Batfish school from Top

It was time to give it a proper go. To be honest is not that I like batfish that much and probably this is one fish that you can shoot in RAW in ambient light however if you do that you need to sacrifice quite a few ISO stops. With strobes the issue is to get the school in a formation that allows you to do a good job with lighting. This is my best shot for the session.
Schooling Batfish on Reef
What I like about this shot is the light on the fish or most of it where you can see yellow fins but also the background and a hint of surface.

Other fish that featured on the day were jacks but catching a school of those running past is quite hard unless the school is really big and they circle you.

Jacks Schooling
Jacks Schooling

In those type of formation you have all sort of issues with hightlights form the strobes in fact I was shooting 1/4 of power.

Giant trevallies made a more interesting single fish shot like this one.

Giant Trevally
Contrary to what you may think this is a shot with strobes otherwise you would not see the texture of the fish as you see it. Maybe a busy background but good technical exercise.

I also attempted a few anthias shots just to try a well tested technique to get them buzzing out the reef

Red Reefs
In the middle of the dives while I was waiting the barracuda school came out to play. Barracudas are quite tough as they require strobes to lit properly and I find the multitude of black and white shots that you see a bit boring as the fish texture is what makes the shot.

You have several challenges with the formation, if the school is big is difficult to take it all unless you are on the bottom or on the top. In the first case you need to control bubbles in the second you shoot the bottom so better be neat.

Anyway with a bit of patience I got the shot that I wanted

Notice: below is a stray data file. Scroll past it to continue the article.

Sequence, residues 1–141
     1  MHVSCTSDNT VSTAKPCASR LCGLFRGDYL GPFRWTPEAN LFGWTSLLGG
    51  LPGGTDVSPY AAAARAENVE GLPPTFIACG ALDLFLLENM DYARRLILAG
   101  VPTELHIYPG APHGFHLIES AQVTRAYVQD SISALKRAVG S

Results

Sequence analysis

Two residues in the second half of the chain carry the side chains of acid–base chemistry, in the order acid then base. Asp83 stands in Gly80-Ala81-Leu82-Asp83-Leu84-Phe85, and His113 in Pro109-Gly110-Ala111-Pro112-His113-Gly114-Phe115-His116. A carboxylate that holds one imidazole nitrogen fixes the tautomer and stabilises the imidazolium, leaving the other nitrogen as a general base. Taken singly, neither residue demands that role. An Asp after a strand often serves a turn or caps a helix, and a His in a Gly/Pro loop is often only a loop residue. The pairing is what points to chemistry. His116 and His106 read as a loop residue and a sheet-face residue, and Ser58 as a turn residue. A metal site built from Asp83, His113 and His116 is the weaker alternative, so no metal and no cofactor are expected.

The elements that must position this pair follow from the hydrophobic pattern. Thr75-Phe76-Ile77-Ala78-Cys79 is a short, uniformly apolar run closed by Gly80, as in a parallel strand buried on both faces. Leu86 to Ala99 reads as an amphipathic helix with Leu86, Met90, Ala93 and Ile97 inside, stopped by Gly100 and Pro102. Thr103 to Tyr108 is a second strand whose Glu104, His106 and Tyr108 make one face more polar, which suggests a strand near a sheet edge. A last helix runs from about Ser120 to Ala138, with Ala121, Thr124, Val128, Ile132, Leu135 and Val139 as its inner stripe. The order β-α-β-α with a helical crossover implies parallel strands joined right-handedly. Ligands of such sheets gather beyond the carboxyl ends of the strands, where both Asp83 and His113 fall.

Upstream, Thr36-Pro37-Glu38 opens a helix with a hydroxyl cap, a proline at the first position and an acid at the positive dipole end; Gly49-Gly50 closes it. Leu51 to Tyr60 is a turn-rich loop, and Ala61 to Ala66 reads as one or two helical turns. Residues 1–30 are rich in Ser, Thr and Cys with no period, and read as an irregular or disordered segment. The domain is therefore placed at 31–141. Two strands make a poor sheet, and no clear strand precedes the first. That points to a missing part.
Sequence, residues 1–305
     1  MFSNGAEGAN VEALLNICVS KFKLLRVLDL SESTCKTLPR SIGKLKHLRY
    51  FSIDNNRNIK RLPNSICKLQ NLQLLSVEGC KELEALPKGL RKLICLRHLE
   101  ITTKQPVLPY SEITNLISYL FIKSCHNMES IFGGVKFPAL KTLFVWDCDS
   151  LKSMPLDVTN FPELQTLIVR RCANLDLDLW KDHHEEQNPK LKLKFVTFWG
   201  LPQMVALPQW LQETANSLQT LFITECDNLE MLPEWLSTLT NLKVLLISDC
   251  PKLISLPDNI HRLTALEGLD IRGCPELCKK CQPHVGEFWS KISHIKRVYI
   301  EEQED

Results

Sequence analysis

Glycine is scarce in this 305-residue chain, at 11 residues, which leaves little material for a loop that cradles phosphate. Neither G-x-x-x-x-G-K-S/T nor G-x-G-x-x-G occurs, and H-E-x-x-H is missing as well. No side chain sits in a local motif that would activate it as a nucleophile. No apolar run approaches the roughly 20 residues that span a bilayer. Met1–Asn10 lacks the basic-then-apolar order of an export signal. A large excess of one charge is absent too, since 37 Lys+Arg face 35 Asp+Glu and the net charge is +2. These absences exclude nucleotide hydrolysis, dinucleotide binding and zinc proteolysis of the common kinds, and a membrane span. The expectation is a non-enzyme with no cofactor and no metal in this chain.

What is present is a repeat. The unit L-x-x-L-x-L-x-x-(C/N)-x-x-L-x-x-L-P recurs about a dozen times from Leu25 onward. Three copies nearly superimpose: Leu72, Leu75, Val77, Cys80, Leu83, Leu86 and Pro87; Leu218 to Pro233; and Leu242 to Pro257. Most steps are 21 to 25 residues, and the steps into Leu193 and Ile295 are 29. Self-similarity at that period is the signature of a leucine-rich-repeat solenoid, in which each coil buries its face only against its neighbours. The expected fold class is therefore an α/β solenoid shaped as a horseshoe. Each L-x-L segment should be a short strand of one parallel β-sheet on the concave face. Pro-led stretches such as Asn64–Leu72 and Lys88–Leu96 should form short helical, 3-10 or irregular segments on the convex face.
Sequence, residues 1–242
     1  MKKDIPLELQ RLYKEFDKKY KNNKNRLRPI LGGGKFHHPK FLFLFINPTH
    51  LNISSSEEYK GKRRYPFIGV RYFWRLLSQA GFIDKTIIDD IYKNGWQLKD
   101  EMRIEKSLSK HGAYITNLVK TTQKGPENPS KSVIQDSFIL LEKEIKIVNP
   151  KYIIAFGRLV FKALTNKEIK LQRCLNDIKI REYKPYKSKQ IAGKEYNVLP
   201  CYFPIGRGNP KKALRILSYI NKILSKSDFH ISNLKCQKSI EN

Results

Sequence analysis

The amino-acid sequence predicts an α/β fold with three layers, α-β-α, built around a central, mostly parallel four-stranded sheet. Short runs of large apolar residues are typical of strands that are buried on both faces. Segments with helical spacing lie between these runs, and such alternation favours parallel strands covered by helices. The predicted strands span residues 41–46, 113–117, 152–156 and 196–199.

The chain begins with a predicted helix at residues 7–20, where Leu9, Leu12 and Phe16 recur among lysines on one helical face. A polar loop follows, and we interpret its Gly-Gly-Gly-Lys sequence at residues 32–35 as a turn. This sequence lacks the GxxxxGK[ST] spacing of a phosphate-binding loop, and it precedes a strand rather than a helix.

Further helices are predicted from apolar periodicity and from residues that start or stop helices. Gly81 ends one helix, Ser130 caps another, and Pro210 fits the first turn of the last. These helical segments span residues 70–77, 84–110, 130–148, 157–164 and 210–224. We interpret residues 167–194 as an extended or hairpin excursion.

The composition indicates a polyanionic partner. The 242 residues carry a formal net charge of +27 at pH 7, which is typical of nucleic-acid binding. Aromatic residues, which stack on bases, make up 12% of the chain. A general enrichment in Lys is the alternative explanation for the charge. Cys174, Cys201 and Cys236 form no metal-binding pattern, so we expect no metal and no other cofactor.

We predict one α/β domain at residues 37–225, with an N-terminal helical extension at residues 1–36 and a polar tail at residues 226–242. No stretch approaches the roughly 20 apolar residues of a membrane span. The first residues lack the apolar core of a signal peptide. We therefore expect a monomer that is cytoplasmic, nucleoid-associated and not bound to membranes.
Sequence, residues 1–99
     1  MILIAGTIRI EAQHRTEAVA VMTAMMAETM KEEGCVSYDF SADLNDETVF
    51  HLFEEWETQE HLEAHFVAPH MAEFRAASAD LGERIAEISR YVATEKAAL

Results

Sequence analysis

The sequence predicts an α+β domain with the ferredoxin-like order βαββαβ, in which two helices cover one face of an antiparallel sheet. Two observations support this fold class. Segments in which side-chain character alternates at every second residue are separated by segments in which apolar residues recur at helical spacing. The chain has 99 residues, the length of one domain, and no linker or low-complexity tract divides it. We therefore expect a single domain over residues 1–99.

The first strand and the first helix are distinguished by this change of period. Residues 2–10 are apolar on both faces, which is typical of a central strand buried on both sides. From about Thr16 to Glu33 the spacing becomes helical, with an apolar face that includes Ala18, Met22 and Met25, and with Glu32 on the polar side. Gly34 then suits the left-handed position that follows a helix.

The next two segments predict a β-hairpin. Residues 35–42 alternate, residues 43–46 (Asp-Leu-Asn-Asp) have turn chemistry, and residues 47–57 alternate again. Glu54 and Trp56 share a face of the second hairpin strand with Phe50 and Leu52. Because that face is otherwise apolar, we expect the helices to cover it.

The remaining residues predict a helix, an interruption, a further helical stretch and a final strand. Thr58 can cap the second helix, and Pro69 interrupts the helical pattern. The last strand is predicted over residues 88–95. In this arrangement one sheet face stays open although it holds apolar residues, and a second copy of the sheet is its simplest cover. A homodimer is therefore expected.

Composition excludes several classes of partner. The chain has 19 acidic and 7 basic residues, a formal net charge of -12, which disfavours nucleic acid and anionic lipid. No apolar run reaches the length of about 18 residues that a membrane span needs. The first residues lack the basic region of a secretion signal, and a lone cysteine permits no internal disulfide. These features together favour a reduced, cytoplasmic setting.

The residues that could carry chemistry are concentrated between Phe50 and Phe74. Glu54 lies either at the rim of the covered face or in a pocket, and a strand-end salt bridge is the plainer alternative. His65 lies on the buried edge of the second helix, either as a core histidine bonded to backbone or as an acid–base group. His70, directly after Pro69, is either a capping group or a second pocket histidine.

Arrows
It is impossible to illuminate properly all of them but this shot has got the right geometry and I think is quite pleasant.

On the second dive I was lucky to spend some time with a Giant Barracuda that was literally commanding the school at sight, very rewarding from a diving point of view I got so excited that I kept shooting with a relatively slow shutter speed however the fish that is lit by the strobe is well crisp.

Giant Barracuda issuing orders
Giant Barracuda issuing orders

This shot is much deeper than the previous so the blue is colder but still makes for an interesting shot.

On dive 3 I decided to do a bit of video although I had not taken my favorite lens so I had to apply a filter directly on the camera lens. Moreover I had forgot the setting Toy effect on from some other experiment and whilst this is off in RAW it came back in video so the result is a soft warmer image…yuk still was fun to put it together so here it goes

It was time to rinse the gear (if you could call that hosing it quickly on the dive platform) and get ready to leave the day after. On the last day we were asked to put together a selection of our best 10 pictures and were give a video with some gopro footage taken by the ops manager plus our slideshow. Considering the time it was spent to do it the result is excellent.I hope this has given you an idea of the workshop that I definitely recommend, on the next post I will write my personal lessons learned from such experience.

Red Sea Workshop with Alex Mustard – Part V Tiran & Mermaids

As the currents were not playing ball we decided to head to Tiran to dive Jackson reef.

I love jackson as a dive and a video dive but I was a bit vary from a photography point of view as lighting can be a problem.

Anyway there was an option for a hammerhead dive in the early morning or a first dive on Jackson followed by a second before returning to Ras Katy for an afternoon and sunset dive.

Hammerhead are found on the back of Jackson reef when there are shallow thermoclines with the surface at 26C the chances were low however I had alternative ideas for that dive.

As foreseen there were no hammerheads so towards the end of the dive I tried a few shots of the Lara Wreck (that is on the surface) through the Snell window despite the strong surf.

The resulting shot is currently my desktop theme and is here.
Lara from the reef
I tried to get the wreck on the surface, the breaking surf, the sunball, some fish or at least silhouette of fish and the hard coral to give a dramatic moody look to the image.

On dive two was time to have a relaxing dive with not much effort on photos. I saw few tunas at around 28 meters that is unusual and a turtle and some other critters though the shots are not particularly exciting.

In one occasion a dive guide came to be all excited as he had seen a turtle so I went there and bumped into our own guides that were out for a fun dive.